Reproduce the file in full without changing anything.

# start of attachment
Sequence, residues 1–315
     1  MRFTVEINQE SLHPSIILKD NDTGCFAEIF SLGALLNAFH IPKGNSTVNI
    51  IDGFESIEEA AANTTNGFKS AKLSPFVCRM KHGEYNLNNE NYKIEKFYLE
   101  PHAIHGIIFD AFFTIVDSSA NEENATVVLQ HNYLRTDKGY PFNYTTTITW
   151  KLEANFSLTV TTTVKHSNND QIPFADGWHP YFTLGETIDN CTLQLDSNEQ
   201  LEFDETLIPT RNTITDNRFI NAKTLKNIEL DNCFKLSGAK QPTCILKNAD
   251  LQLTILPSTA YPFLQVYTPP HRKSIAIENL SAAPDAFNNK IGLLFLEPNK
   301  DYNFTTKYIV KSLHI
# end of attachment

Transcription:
Sequence, residues 1–315
     1  MRFTVEINQE SLHPSIILKD NDTGCFAEIF SLGALLNAFH IPKGNSTVNI
    51  IDGFESIEEA AANTTNGFKS AKLSPFVCRM KHGEYNLNNE NYKIEKFYLE
   101  PHAIHGIIFD AFFTIVDSSA NEENATVVLQ HNYLRTDKGY PFNYTTTITW
   151  KLEANFSLTV TTTVKHSNND QIPFADGWHP YFTLGETIDN CTLQLDSNEQ
   201  LEFDETLIPT RNTITDNRFI NAKTLKNIEL DNCFKLSGAK QPTCILKNAD
   251  LQLTILPSTA YPFLQVYTPP HRKSIAIENL SAAPDAFNNK IGLLFLEPNK
   301  DYNFTTKYIV KSLHI